I've been waiting for 2.5 years and counting for this extension so SIP assembly day will probably be the highlight of my year (oh dear smile).

Thanks again!

Plockplock Sun 19-Mar-17 21:39:14

I've stood outside knowing that the DC are making a terrible racket inside and whilst I can see their mouths moving, I cannot hear their screams grin.

It's amazing to go out in the morning and return home to find walls where there were none. I'd be surprised if they needed to use a crane, ours were just carried down the side passage. We spent quite a long time marvelling at the walls once the builders went home that day!

madeleinecreek Mon 20-Mar-17 08:18:38

My neighbour just finished using this company for a garden room (in sw London), using SIPs, might be worth chatting to them about extensions.

Crumbelina Mon 20-Mar-17 09:08:36

Thanks Plock! Definitely worth me investigating brick slips now if a render/SIPs give great sound insulation. One of the key conditions of permission from the council is matching the brick so I'll see if it's possible.

Madeleine, thank you so much for the link! They're pretty close to me so definitely worth me looking into it.

Sara107 Thu 03-Aug-17 22:18:11

Interested to know if you are going ahead with the SIPs Crumbelina? Sorry for arriving late and hijacking your thread! I'm interested in a SIPs extension. Like you we have access issues, there will be no cranes or heavy equipment involved!! We also, delightfully, have the neighborhood sewer flowing beside, and possibly under our site! I was wondering if a SIPs build would help get around that problem as it is a lighter construction so shouldn't need such extensive foundations, not sure if I'm right about that.

SocksRock Thu 03-Aug-17 22:23:22

sara if you are building within 3m of a sewer, you will need a build-over consent from the water company (Thames Water in my area). If the sewer is running parallel to the line of the foundation, it's going to be a tricky little problem for your structural engineer. SIPS are lighter than than traditional B&B but for a single storey domestic extension this probably won't make enough of a difference to affect the build over one way or another.

Crumbelina Thu 03-Aug-17 23:27:33

Ooh, didn't expect this thread to be raised again! I definitely have advice but have to go to bed as toddler loves a 6am wake up. Will update tomorrow. smile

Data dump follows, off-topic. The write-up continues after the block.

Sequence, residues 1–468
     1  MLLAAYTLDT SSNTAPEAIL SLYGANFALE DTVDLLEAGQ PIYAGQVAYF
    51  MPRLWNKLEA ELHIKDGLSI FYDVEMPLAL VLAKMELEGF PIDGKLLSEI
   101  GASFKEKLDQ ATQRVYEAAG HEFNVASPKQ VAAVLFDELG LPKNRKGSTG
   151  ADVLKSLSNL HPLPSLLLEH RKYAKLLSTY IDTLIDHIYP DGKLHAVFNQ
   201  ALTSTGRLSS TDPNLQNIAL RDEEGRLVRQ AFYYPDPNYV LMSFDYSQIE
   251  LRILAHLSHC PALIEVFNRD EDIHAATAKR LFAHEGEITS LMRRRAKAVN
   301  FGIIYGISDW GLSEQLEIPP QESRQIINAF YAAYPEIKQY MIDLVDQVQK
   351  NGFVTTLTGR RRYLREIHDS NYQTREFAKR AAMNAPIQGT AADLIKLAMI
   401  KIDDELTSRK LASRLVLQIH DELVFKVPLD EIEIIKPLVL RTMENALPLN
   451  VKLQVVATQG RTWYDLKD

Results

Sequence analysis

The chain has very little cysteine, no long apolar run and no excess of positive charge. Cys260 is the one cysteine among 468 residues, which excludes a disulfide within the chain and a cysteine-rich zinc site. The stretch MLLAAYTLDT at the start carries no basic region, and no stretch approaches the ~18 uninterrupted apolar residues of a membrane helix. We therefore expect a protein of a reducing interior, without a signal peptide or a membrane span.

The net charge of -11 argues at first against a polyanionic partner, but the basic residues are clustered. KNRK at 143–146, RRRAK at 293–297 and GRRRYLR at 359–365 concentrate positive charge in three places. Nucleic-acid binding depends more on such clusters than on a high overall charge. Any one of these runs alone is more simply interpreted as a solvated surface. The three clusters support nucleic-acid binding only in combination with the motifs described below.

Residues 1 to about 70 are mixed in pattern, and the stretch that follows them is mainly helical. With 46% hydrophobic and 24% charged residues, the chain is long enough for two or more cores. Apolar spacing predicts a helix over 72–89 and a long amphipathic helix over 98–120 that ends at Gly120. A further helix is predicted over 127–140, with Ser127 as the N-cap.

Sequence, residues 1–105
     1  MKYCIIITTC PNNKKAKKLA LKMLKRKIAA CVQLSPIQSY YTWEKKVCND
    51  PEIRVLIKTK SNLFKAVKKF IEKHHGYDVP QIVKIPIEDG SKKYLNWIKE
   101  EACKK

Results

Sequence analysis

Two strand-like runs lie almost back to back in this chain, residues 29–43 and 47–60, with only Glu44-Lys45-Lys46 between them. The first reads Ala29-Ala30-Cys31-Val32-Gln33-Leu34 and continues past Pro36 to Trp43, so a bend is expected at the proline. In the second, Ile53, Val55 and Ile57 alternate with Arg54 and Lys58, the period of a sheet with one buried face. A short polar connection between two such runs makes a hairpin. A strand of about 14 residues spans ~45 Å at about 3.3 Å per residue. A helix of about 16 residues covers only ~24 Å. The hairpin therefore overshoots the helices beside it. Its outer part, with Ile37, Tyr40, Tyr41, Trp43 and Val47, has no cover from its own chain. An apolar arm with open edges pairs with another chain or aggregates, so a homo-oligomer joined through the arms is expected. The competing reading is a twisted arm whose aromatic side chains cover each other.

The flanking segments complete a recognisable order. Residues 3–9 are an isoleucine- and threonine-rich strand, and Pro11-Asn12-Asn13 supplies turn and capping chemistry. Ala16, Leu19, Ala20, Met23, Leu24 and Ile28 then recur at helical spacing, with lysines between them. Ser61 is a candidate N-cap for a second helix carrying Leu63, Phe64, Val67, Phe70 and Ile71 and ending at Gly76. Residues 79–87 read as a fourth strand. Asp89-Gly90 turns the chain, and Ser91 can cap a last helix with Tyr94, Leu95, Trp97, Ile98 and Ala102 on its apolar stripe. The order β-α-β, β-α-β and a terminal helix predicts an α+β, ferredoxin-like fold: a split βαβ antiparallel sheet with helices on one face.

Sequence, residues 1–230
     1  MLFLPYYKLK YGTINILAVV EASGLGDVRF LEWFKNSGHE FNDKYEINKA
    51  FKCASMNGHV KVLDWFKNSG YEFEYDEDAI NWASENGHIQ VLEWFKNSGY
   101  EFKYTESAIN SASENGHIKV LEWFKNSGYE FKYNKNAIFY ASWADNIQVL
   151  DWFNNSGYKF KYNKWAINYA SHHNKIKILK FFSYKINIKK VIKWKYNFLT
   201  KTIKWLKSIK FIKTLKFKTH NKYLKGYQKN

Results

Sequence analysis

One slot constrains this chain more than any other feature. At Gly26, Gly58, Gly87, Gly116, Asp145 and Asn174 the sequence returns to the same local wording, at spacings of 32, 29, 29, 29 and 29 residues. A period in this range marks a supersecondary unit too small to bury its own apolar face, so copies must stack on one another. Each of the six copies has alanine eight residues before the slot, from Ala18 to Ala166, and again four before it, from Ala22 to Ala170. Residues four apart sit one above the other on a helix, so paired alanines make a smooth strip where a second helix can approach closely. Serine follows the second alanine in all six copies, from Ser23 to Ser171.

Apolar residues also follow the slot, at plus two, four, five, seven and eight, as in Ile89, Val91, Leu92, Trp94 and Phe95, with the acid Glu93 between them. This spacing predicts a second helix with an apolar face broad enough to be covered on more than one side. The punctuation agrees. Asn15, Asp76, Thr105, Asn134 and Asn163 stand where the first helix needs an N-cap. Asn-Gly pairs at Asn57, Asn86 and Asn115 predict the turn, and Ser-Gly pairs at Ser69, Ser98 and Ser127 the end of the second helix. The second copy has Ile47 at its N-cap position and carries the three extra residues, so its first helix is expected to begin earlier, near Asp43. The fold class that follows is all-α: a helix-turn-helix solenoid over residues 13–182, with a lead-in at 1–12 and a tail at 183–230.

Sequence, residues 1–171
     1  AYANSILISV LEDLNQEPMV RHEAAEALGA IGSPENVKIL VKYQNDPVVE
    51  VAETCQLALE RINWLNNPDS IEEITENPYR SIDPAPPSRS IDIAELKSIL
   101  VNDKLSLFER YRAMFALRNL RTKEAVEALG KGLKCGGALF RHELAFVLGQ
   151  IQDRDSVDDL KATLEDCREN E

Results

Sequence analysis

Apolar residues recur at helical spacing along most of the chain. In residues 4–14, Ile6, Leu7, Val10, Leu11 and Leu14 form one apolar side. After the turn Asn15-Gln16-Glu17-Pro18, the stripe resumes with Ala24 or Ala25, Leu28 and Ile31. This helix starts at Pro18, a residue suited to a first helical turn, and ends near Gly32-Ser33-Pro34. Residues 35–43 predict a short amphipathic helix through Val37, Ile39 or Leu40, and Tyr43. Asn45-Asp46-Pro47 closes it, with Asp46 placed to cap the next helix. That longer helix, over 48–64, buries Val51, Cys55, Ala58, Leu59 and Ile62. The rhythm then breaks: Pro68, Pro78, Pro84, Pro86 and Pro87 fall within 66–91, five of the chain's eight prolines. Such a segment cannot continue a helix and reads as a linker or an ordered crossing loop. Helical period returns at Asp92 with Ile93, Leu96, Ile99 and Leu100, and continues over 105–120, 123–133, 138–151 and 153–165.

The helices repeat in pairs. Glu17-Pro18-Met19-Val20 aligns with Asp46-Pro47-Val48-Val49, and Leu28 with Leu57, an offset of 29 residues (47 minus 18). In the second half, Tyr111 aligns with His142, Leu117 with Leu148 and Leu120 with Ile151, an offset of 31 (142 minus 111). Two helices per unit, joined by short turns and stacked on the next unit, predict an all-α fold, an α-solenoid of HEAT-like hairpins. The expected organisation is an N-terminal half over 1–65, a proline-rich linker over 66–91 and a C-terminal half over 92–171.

Crumbelina Fri 04-Aug-17 07:28:14

Just coming back to this. We didn't go with SIPs in the end. Lots of companies refused to quote citing access issues for the large panels and a few wouldn't quote as the project was too small to be worthwhile. The few quotes we did get were very expensive (one was £80k+!).

We then moved on to Timber Frame and pretty much all companies we asked were able to quote. You can find contacts on the website of the Structural Timber Association. I'd recommend going for one that's relatively local (within an hour's drive) so they can come and do site visits, e.g. initial visit, check the foundations are ok for the frame etc.). In the end we can't even go for timber frame panels so it has to be stick build. That said, it means they can start earlier, are less reliant on the measurements being 100% correct and the build still goes up very quickly (1 day for the ground floor!). We're paying around £23k for a double storey extension of around 60 square metres. We commissioned the demolition and foundations from another company (£15k) and after the timber frame is complete we'll be using a brickie to do the external walls, tiler for the roof, window fitter for the sashes, sliding door company etc.

It's a lot of effort, learning and coordination as we're project managing it ourselves but we're in London and this build will cost just under £100k (with a high spec kitchen, appliances, slimline sliding doors, polished concrete floor, underfloor heating). If a builder had quoted for the lot then we'd be looking at over £200k I think!

Just wondering, what region are you in and is it single/double storey? Do you know how many square metres it will be?

Crumbelina Fri 04-Aug-17 07:31:36

Agree with socks - the foundations won't make much difference. We still needed them to be 1m deep for a light timber frame. We've just received a form from Thames Water re the sewer and need to look into it to see what kind of consent we need. Probably should have thought about it a bit earlier!